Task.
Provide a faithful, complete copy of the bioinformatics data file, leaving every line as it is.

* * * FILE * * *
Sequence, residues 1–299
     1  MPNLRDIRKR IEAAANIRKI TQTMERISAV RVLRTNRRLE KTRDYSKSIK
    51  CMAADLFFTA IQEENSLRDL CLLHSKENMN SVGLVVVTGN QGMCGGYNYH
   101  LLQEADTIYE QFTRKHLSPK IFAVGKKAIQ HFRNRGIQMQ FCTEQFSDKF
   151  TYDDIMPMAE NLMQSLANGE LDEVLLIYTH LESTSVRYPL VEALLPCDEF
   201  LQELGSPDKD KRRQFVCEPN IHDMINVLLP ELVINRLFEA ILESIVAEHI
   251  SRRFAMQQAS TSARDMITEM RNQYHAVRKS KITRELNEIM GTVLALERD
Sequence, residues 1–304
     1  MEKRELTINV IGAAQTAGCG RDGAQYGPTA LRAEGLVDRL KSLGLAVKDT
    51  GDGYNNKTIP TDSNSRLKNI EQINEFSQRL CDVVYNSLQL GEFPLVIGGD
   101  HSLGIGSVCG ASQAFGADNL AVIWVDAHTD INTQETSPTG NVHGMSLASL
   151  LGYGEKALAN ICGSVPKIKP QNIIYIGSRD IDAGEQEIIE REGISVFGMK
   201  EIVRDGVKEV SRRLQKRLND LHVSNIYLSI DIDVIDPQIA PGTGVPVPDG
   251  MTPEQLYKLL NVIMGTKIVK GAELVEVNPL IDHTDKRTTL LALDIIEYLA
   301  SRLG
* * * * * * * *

Sequence, residues 1–299
     1  MPNLRDIRKR IEAAANIRKI TQTMERISAV RVLRTNRRLE KTRDYSKSIK
    51  CMAADLFFTA IQEENSLRDL CLLHSKENMN SVGLVVVTGN QGMCGGYNYH
   101  LLQEADTIYE QFTRKHLSPK IFAVGKKAIQ HFRNRGIQMQ FCTEQFSDKF
   151  TYDDIMPMAE NLMQSLANGE LDEVLLIYTH LESTSVRYPL VEALLPCDEF
   201  LQELGSPDKD KRRQFVCEPN IHDMINVLLP ELVINRLFEA ILESIVAEHI
   251  SRRFAMQQAS TSARDMITEM RNQYHAVRKS KITRELNEIM GTVLALERD
Sequence, residues 1–304
     1  MEKRELTINV IGAAQTAGCG RDGAQYGPTA LRAEGLVDRL KSLGLAVKDT
    51  GDGYNNKTIP TDSNSRLKNI EQINEFSQRL CDVVYNSLQL GEFPLVIGGD
   101  HSLGIGSVCG ASQAFGADNL AVIWVDAHTD INTQETSPTG NVHGMSLASL
   151  LGYGEKALAN ICGSVPKIKP QNIIYIGSRD IDAGEQEIIE REGISVFGMK
   201  EIVRDGVKEV SRRLQKRLND LHVSNIYLSI DIDVIDPQIA PGTGVPVPDG
   251  MTPEQLYKLL NVIMGTKIVK GAELVEVNPL IDHTDKRTTL LALDIIEYLA
   301  SRLG